The Woman In Black

The Woman In Black
Release Date: 10th February 2012
Director: James Watkins 
Hammer Film Productions, Alliance Films, Film i Vast, Filmgate, Cross Creek Pictures, Momentum Pictures 

When you’ve walked through a real horror house you become immune to most of the horror houses on the big screen. It takes something incredibly clever and unsettling to replace that Exorcist girl who chased me around a bedroom. That wasn’t clever, but it did scare the crap out of me. Enter The Woman In Black, a classic ghost story told in our modern age. Do these ghosts haunt my dreams or fade out into the distance?

The Woman In Black feels incredibly traditional through and through. Daniel Radcliffe takes on the role of widower, Arthur Kipps, who sets out to sort out some paperwork from an old empty house. For many, Daniel Radcliffe can only be seen as Harry Potter, though I stopped watching those films after the third, so I quickly brushed over this matter. The acting is a little distant, never truly drawing you in, and the tired horror tropes from days long gone crop up at every turn. Strange village, unsettled villagers and a house no one goes to. Add it all together and you have Just Another Ghost Story.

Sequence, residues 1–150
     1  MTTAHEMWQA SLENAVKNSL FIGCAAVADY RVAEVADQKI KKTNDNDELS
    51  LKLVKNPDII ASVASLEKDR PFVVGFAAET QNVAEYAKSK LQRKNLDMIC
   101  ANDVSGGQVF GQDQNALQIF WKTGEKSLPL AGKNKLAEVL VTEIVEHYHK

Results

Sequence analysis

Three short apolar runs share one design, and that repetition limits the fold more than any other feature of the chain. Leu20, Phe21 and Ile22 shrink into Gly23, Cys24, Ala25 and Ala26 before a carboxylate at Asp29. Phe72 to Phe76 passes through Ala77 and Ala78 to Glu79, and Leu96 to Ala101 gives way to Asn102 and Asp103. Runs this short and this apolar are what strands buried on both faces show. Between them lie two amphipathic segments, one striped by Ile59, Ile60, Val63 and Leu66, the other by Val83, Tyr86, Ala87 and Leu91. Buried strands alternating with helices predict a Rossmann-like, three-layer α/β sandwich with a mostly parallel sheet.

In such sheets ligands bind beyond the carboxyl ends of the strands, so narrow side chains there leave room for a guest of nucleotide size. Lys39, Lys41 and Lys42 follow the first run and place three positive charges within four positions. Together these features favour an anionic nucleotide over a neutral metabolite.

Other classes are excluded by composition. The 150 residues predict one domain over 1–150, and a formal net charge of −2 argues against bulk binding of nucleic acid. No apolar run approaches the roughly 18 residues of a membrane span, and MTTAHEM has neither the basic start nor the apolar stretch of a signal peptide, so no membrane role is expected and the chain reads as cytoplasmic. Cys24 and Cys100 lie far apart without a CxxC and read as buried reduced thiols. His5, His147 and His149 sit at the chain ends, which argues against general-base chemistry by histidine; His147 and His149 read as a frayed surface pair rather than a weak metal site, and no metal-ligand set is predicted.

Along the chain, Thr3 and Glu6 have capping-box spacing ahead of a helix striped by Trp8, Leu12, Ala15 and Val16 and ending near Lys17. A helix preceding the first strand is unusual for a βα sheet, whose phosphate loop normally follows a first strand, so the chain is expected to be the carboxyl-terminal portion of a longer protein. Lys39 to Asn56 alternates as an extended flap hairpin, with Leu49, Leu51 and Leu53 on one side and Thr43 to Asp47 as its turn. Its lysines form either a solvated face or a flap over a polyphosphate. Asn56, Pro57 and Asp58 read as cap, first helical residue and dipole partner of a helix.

Though horror films don’t need to be particularly original to be scary, and this has a beautiful gothic set which evokes a sense of atmosphere, even if the wooden actors don’t. Just a shame they have such a creepy looking house and they only use loud noises and ghosts popping up against windows to startle the audience. It carefully sets up the frights with creepy toys going off and the kids dying in catastrophic accidents in the day, but the resulting impact the director attempts to shock us with always falls flat. Maybe they couldn’t go all out on a 12A age rating, but it could have offered us a little more variety on the scares. After the first night in the house which offers the best tension, it all peters out until the corny ending kicks in. It reminded me of Drag Me To Hell but without the shock factor.

It makes for a solid ‘My First Horror’, but I’m long past that. I’ve been chased by freaky girls and chainsaw horrors and I’ve seen films delve which follow the template with far more oomph and pizazz. The Woman In Black is a tame visit from the lady herself.

BOO!

Did I scare you? Oh…

 

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